With the 2016 Summer Olympics just days away in Rio de Janeiro, the Zika virus outbreak has captured headlines and emphasized the importance of finding new strategies to battle mosquito-borne diseases. Researchers at the University of Notre Dame say targeting mosquitos is the best way to wage war on the Zika virus. A recent grant from the Department of Defense is funding the Notre Dame scientists as they search for better solutions that could reach far beyond the Olympics.

“Zika is certainly concerning, but it will likely be like the West Nile virus that has waves of infection throughout the world,” says co-principal investigator and Notre Dame Biological Sciences Associate Professor Dr. Mary Ann McDowell. “Emerging diseases like Zika are definitely a problem, and they keep re-emerging or rising, so the control of mosquitos is important, whether it be Zika, dengue fever, malaria or yellow fever.”

Because Zika virus infection in a pregnant woman can cause serious birth defects, the Centers for Disease Control and Prevention is advising pregnant women not to go to the Olympics and for all Rio travelers to “practice enhanced precautions.” New data from Notre Dame’s Eck Institute for Global Health projects that as many as 93 million people in Latin America and the Caribbean are at risk of infection over the next two to three years.

“Mosquitos are the emphasis—if we can reduce the population of mosquitos, you significantly reduce the disease,” says Dr. Zain Syed, a Notre Dame biological sciences assistant professor and co-principal investigator.

The recent $418,000 grant is a follow-up to an earlier $3 million grant that helped the researchers screen for new insecticides. Through collaboration with the Eck Institute, McDowell and Syed will use the latest dose of funding to further investigate a compound they identified that’s showing promise. McDowell says their research has uncovered a chemical variation of an insecticide—currently used to control ticks in cattle—that can kill mosquitos.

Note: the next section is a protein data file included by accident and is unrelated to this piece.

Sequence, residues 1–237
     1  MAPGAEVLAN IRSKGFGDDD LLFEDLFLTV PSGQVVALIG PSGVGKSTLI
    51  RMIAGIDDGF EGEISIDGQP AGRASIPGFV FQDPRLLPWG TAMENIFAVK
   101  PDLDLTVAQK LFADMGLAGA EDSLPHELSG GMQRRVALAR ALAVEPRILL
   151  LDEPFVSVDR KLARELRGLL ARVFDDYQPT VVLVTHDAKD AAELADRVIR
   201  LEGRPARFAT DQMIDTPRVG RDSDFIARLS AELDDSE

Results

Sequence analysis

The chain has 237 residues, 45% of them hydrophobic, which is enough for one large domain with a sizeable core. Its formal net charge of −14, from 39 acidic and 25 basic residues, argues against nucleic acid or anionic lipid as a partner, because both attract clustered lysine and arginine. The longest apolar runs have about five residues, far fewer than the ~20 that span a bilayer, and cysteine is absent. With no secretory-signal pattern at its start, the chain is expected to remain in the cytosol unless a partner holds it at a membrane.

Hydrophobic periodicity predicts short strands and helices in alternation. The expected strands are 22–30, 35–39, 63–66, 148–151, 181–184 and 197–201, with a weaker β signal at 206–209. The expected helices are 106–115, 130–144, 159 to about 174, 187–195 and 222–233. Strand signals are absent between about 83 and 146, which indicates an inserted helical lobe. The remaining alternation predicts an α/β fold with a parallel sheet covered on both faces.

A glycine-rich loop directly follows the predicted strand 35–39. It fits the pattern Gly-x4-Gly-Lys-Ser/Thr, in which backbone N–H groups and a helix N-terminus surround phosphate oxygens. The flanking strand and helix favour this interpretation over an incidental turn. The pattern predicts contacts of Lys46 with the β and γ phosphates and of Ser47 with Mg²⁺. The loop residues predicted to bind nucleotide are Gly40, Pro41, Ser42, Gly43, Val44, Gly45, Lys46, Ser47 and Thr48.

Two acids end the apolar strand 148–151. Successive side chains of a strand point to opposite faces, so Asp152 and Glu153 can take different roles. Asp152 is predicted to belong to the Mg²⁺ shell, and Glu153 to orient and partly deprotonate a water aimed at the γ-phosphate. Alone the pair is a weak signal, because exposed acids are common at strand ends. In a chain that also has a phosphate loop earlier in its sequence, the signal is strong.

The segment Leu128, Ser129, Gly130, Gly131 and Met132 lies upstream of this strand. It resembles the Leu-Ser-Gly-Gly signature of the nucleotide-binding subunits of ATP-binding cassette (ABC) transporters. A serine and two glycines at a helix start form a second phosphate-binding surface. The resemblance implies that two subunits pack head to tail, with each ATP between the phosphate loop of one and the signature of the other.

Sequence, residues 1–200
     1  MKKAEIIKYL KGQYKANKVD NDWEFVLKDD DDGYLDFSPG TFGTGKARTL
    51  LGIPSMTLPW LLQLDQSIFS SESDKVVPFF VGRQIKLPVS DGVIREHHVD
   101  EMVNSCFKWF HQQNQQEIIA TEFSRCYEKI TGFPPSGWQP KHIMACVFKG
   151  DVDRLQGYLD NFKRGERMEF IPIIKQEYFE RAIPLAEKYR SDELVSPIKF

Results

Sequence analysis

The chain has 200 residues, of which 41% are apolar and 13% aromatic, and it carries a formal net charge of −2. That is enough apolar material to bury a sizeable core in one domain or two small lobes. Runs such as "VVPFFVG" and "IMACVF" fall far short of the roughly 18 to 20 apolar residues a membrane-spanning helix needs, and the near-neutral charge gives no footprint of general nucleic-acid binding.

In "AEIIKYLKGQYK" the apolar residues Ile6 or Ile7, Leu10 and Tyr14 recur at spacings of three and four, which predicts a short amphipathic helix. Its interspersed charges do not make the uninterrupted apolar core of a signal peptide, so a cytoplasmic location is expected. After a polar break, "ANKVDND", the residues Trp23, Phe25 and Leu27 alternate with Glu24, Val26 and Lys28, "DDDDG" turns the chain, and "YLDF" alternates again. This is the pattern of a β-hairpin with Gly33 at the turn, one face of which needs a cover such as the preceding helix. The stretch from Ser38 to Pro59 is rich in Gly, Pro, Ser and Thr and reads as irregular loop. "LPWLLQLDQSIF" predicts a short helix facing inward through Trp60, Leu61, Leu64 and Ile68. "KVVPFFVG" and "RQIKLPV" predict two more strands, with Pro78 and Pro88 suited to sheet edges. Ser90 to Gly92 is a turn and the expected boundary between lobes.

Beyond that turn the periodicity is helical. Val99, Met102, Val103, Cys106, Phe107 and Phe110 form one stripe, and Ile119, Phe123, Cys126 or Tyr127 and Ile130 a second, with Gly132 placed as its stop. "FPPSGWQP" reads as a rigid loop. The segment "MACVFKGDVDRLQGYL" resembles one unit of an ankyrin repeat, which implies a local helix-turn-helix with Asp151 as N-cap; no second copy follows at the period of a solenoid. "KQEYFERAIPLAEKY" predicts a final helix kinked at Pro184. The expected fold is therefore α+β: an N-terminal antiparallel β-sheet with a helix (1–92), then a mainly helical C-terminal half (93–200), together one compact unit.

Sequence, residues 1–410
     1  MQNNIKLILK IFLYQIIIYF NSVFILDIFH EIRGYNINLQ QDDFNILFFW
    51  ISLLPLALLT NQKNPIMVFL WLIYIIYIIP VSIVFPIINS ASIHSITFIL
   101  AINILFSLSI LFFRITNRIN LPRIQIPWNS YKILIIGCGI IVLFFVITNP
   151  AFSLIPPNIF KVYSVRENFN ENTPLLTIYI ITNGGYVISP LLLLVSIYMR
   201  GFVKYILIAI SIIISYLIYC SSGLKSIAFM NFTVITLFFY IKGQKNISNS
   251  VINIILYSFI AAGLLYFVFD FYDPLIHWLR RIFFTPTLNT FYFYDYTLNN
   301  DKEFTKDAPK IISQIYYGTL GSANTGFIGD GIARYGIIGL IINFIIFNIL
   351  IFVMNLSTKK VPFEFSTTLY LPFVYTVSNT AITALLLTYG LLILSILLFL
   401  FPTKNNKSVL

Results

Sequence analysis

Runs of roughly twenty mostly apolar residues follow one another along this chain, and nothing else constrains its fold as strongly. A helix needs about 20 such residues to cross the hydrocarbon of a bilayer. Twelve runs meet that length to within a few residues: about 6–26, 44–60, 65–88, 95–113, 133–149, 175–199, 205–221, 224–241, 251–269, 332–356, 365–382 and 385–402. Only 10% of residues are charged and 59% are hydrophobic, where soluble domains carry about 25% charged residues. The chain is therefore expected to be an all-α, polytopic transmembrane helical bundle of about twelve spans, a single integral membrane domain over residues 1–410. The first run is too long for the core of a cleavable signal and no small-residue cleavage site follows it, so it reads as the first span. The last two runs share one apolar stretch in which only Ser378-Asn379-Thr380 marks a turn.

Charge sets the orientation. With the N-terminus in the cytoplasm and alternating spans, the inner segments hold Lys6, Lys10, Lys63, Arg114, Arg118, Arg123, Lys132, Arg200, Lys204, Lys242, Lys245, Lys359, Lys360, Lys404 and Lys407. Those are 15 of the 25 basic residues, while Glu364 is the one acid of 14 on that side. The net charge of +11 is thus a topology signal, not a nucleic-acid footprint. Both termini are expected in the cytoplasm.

“Our hope would be, eventually, that we could make designer insecticides that maybe just target mosquitos and not other [beneficial] insects, like honeybees,” says McDowell. “That’s very difficult to do, but if you can accomplish that, then you might be able to stop some of the rise in insecticide resistance due to using pesticides for agricultural purposes.”

The team’s recent studies have shown the compound does, in fact, kill resistant mosquitos. The scientists say the university’s Warren Family Research Center for Drug Discovery and Development is streamlining their work. The center is now able to make compounds that McDowell previously had to order—sometimes from overseas.

“That’s a great step forward for us here at Notre Dame—to have that synthesis capability in-house,” says McDowell. “That’s what centers and universities are for: bringing different people together with different expertise to move something forward. The system is working. That’s good.”

For example, Syed’s expertise include mosquito behavior, and his lab has uncovered that the compound impacts mosquitos’ behavior in an important way.

“If, somehow, we can block the sense of smell in mosquitos, then they might not be able to find humans [to bite],” says Syed.

The overall goal of the Department of Defense grant is to develop insecticides that could protect military personnel in less-developed countries where mosquito-borne diseases are a significant threat. The researchers say, more broadly, such discoveries could impact global health.

“I’m excited about the possibilities of finding something that could help mankind in some way,” says McDowell. “I think that’s what drives all of us, especially at Eck—to be a service to society.” 

McDowell says the Zika virus outbreak has impacted federal funding agencies.

McDowell says the Warren Center’s ability to produce compounds for testing streamlines her research.

Syed says the collaboration for the project is “quite exciting.”

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